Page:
Bread crumbs, Ofenschlupfer or Semmelknödel are the standard recipes I use when I have left over bread. Another good idea for using stale bread is making bread crisps.
They are easy to make and a delicious snack. Preferably I use old rolls as a sliced roll has the perfect snacking size. And if the rolls was a sesame or poppy seed roll they are especially delicious, as the seeds add a delicious nutty flavour.
You can keep the bread crisps quit simple and only seasoned with some salt. Or you use a wild garlic salt or a bit of harrisa to flavour the oil.
To prevent Micha from feeling alone with her DUBB – Event I have collected all my favourite recipes here. For some of them, like my beloved Wheat and Rye No. 2 or the christstollen, I tend to repeat myself as I repeatedly tell you how much I love them. Others are more quieted, but well loved as well. And how many favourites I have I just learned when started to make this little round up.
I met Honigreingerl some time ago and they trigger my “Have to bake” reflex of immediately. They are small Austrian pastries which are filled with a honey and cinnamon mixture. In their crumb you can find many small openings filled with the flavour of honey and cinnamon.
Original the Honigreingerl are baked in a slightly higher form, but using a muffin tin and brioche forms work good as well. The dough is made with ten percent spelt flour like I used it in the Butterzopf recipe, as this makes rolling the dough easier. The other components of the dough are the “usual suspects”: Biga, some egg and butter – a guaranty for a fluffy crumb and good flavour. And so are my homemade Honigreingerl: a golden crust and a very fluffy crumb filled with the flavours of honey and cinnamon – a divine treat!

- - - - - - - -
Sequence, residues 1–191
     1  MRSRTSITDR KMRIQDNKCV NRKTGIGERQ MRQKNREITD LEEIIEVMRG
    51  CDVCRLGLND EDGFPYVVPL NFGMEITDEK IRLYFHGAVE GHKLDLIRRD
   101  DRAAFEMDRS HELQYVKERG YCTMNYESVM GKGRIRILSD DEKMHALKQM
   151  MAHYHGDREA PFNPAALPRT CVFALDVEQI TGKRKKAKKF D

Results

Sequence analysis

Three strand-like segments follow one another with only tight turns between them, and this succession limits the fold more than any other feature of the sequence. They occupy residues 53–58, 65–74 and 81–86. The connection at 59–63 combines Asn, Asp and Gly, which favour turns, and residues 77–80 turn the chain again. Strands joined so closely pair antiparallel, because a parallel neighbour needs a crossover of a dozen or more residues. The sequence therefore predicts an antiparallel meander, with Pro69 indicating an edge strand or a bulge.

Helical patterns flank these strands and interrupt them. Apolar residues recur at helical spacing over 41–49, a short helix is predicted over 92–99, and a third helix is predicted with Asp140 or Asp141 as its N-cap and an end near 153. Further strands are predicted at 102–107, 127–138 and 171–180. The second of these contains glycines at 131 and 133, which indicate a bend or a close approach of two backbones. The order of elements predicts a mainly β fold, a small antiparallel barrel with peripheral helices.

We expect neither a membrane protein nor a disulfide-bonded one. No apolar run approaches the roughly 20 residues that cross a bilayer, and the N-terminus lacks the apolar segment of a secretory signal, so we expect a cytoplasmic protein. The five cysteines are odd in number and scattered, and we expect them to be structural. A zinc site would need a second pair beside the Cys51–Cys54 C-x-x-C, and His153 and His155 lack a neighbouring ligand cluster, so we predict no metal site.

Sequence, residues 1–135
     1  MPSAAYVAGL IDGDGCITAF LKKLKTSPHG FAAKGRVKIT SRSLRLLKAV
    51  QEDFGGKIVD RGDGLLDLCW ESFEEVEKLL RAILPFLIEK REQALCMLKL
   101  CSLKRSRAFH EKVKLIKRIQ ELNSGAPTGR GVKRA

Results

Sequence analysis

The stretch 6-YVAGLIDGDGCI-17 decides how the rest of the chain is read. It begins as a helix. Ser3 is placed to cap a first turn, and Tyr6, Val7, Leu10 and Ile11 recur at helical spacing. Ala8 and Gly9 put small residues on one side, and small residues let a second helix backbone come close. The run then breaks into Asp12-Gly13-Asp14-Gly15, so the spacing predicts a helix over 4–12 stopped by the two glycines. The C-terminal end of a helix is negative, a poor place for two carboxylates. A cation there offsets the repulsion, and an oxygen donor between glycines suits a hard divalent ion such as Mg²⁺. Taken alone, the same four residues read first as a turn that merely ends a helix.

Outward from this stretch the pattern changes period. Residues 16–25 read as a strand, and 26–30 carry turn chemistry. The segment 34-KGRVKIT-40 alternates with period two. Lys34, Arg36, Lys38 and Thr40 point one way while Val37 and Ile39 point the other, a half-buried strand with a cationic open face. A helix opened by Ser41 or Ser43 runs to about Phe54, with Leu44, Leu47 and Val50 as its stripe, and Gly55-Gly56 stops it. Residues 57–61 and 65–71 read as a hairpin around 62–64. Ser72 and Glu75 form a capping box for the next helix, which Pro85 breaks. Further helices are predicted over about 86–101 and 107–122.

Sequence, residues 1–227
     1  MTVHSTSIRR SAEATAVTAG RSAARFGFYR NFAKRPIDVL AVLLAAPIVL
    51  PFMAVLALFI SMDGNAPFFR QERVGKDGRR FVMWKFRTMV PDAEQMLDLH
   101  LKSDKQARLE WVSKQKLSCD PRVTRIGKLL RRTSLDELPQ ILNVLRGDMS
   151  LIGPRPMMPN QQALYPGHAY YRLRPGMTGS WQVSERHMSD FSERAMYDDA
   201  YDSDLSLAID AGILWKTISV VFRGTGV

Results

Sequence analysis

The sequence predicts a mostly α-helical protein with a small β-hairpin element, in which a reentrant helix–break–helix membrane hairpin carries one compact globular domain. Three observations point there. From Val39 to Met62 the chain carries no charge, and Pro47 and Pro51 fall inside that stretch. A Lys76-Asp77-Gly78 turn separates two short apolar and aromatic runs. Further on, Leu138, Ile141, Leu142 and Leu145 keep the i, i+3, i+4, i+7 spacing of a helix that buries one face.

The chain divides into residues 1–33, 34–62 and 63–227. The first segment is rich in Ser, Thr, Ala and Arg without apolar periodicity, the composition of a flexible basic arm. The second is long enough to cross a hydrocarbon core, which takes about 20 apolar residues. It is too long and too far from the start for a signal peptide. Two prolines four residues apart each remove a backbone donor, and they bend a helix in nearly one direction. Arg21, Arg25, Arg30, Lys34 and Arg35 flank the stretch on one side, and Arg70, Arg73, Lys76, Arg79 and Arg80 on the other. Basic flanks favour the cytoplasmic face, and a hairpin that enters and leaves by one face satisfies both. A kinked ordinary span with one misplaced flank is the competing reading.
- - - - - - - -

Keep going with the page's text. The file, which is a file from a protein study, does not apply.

Some weeks ago a reader asked me if I had an idea for a spelt variant of the Buttermilk loaf from the beginners course. Of course I had an idea and so I send her a recipe draft. The flour used for this bread had a higher ash content – just as she asked for. A soaker made from flour and buttermilk prevents the bread from getting to dry.
It took a while until I bake the bread by myself. A inflammation of my wrist kept me from hand kneading dough for a while. But since my wrist is fine again, I finally managed to knead it by hand without pain. As I like the combination of spelt and walnuts, I decided to some, too. And I slightly increased the water amount in comparison to the recipe draft. The bread has a moist and fluffy crumb with a slight darker colour due to the higher ash content of the flour and due to the walnuts.
It is a mild tasting bread which pairs well with goat cheese or honey and as it made with a straight dough it is a good alternative for moments when you need a fresh loaf in a considerable short time.
The first version of the Kieler Semmel was already catapulted into the first ranks of my personal best of list of blog recipes. And I planed directly to make a second version with preferment. And took me a while to come back to this plan but finally I bake them. I choose a preferment which enhance the gluten structure, a sweet starter or its cousin, which is made with commercial yeast – a Biga. And I opted for diastatic malt as I wanted to make the crust very crisp. This makes the recipe unsuitable for a cold overnight proof – a reason why I always shied away from diastatic malt before – a mistake as I knew now! The crust gains a lot through the enzymatic processes due to the malt, it is crisp but easier to bite at the same time. I get a better volume and fluffiger crust then the last time, too.
Helga, a reader from Kiel, suggested some changes in the form and gave me some advices on the intensity of the cinnamon flavour. I decided to use cylon cinnamon, which has a more subtle and complex flavour then the warm, but more acerbic and blunt flavour of Cassia. I added one gramm to the butter which yields a slight cinnamon note. If you prefer a stronger cinnamon taste I would double this amount.